That job just went bad from the very start. I never liked it, never liked the people, and didn't stay more than two or three months in the end.
While I was there, though, at least I got to hide in the kitchen and not deal with customers as much as I used to, although sometimes I had to jump in and help when it was busy. As long as it was relatively slow, I kept myself occupied in the back, either slacking dough (pulling it from the freezer to bake the next day, and keeping track of the inventory as I did) or cleaning anything that needed to be cleaned.
One day, I saw a stack of disgusting vented trays, basically, a sheet pan with little holes all across it, like a screen, that prevents condensation from collecting beneath the food. It's similar to using a cooling rack after you bake cookies in a home kitchen. Good pizzerias use them, too.
So there was this stack of vented trays just covered in sticky bits of bagels. Burnt onions stuck in the holes. Chopped garlic formed sticky masses in the corners. We had a bagel that was rolled in cinnamon and sugar, and although we used parchment paper for those, some of the trays still had a cinnamon glue ring around their edges.
I grabbed a bench scraper, plopped myself on the floor, and leaned all my weight into getting the shit off the pans. It was quiet in the back, and quiet in the front, and the other staff were keeping each other occupied. No one was going to bother me for at least 40 minutes. I scraped and scraped. Sesame seeds flicked through the air and landed on my hat. Onion char stained my fingers. I scraped and scraped.
And while doing this mindless physical activity, a thought popped into my head: I should go to Seattle.
No. I need to go to Seattle.
My aunt and uncle lived there, and I had never been. Only once in my life had I been to the west coast, and it was for their wedding in Los Angeles when I was just a kid.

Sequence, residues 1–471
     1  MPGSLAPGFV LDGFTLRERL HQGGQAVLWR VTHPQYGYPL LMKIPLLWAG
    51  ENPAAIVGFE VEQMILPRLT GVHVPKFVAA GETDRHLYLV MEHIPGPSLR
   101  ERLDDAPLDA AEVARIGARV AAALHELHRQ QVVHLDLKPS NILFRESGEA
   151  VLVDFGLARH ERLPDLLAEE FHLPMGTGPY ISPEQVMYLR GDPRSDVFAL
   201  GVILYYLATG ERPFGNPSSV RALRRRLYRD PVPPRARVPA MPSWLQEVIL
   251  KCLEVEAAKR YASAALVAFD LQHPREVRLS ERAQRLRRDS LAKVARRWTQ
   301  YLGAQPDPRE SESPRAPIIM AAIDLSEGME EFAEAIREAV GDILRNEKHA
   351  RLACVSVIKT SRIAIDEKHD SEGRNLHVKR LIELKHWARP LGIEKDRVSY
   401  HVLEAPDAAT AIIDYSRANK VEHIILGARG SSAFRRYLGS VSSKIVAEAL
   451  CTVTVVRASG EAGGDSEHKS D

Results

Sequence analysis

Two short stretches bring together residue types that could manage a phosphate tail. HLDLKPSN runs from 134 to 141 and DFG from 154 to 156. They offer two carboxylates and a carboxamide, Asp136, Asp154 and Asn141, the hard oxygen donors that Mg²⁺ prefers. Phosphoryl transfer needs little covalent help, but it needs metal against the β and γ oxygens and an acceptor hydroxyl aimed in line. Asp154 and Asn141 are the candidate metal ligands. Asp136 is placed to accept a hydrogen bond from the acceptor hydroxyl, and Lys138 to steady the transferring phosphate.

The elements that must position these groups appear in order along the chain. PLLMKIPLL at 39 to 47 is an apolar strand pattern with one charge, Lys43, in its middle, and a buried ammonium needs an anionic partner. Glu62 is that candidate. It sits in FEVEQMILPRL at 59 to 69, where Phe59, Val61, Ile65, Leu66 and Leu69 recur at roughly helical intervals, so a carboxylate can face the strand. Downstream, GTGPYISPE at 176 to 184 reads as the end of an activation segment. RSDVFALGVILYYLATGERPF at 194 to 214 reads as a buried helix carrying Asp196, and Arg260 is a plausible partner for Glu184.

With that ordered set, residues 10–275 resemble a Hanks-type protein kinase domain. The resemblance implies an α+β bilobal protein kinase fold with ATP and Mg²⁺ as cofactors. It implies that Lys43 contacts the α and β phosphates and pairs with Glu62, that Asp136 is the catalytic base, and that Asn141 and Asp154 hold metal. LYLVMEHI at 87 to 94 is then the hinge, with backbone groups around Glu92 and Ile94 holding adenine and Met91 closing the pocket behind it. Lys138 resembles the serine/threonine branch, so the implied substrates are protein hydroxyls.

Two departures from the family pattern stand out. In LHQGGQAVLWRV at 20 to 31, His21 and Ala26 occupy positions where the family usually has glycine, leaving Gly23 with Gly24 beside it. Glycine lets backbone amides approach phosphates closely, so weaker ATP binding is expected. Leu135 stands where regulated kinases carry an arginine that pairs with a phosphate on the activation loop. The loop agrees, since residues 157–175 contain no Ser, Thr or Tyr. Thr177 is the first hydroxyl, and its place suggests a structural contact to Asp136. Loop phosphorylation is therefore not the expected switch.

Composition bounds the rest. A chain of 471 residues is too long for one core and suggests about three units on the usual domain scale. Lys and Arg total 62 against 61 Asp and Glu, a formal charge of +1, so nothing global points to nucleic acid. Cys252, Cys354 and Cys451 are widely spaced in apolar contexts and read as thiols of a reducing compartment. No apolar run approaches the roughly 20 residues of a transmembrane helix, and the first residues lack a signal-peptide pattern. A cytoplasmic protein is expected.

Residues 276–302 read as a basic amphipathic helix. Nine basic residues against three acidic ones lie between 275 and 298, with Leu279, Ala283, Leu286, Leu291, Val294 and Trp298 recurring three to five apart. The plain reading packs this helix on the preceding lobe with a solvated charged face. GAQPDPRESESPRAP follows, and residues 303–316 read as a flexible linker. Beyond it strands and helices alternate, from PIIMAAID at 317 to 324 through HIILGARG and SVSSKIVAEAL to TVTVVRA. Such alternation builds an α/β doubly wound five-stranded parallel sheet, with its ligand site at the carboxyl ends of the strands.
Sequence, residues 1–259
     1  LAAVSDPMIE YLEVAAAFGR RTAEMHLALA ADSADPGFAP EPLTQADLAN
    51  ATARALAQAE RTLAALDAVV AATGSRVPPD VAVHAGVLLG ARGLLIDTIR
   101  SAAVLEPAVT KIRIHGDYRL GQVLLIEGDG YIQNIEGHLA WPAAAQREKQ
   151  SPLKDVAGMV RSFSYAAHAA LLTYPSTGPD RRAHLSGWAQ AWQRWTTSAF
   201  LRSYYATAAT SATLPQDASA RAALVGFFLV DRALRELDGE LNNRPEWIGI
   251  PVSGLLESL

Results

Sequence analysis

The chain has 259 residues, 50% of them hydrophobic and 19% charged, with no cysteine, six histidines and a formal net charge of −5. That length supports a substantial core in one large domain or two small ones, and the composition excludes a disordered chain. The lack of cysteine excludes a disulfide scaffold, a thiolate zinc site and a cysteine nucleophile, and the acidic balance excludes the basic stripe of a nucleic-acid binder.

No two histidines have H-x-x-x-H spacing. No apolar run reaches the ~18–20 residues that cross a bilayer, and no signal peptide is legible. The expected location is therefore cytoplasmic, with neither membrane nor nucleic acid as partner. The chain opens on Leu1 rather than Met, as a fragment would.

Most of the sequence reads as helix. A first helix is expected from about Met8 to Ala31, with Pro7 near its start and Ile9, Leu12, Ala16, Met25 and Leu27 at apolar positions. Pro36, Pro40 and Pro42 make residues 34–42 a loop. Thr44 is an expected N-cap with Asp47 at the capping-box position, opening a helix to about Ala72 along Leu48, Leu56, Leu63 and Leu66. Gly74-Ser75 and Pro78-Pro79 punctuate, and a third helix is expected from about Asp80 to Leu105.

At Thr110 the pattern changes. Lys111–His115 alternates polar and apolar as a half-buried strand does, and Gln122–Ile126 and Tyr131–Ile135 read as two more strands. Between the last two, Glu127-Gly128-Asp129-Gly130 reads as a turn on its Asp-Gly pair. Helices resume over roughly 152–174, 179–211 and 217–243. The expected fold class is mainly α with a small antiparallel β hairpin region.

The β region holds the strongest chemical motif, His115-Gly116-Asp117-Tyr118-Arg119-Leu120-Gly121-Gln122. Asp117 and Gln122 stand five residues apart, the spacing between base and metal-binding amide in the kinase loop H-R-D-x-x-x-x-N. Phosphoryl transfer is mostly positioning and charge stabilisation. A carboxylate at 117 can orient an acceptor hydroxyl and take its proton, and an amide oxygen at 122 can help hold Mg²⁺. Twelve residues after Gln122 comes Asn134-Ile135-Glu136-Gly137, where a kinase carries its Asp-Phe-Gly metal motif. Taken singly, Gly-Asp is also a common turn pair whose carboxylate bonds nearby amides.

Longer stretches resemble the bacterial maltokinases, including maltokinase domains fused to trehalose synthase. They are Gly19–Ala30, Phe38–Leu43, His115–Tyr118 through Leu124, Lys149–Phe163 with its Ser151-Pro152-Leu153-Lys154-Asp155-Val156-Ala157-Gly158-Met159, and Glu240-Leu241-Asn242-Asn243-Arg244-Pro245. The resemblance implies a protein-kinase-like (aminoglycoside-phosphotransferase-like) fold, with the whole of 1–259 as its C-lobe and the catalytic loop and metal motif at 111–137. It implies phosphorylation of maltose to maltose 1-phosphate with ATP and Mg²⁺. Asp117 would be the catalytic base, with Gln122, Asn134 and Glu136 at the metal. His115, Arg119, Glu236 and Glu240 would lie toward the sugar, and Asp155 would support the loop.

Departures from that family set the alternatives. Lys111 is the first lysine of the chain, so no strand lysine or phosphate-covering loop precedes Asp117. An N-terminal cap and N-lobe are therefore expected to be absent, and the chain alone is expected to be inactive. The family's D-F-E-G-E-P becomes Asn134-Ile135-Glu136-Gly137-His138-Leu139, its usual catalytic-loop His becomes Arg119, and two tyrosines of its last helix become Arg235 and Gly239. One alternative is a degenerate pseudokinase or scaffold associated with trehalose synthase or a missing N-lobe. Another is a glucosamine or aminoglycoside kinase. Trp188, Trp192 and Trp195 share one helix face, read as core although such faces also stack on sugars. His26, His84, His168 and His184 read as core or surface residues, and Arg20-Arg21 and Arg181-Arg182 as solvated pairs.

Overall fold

That's what I needed to do. I knew all my school applications would go fine. I'd get in somewhere and go back to school and earn my bachelor's degree on time even though I missed a semester. I wasn't really worried about that. But now I had this moment of realizing that seeing new places would be equally important to growing as a person and understanding the world better.
At that moment, a moment that didn't change everything all at once but certainly did mark a shift in my own priorities, I even dared to think about traveling abroad, going to London, maybe even living there some day.
This is what I needed to do.
And it hit me while I was sitting on the floor of a bagel store's industrial kitchen, dirty and smelling of yeast, dough under my fingernails, kicked out of college, waiting for things to get better.
Almost a year later, I went to Seattle. And a year after that to San Francisco and then back up to Washington state again. And a year after that, to London to study abroad.
I still went back to college (University at Buffalo) as soon as possible and finished just three months shy of my original projected date. (I had time on my side, though, because I also finished high school a year early.)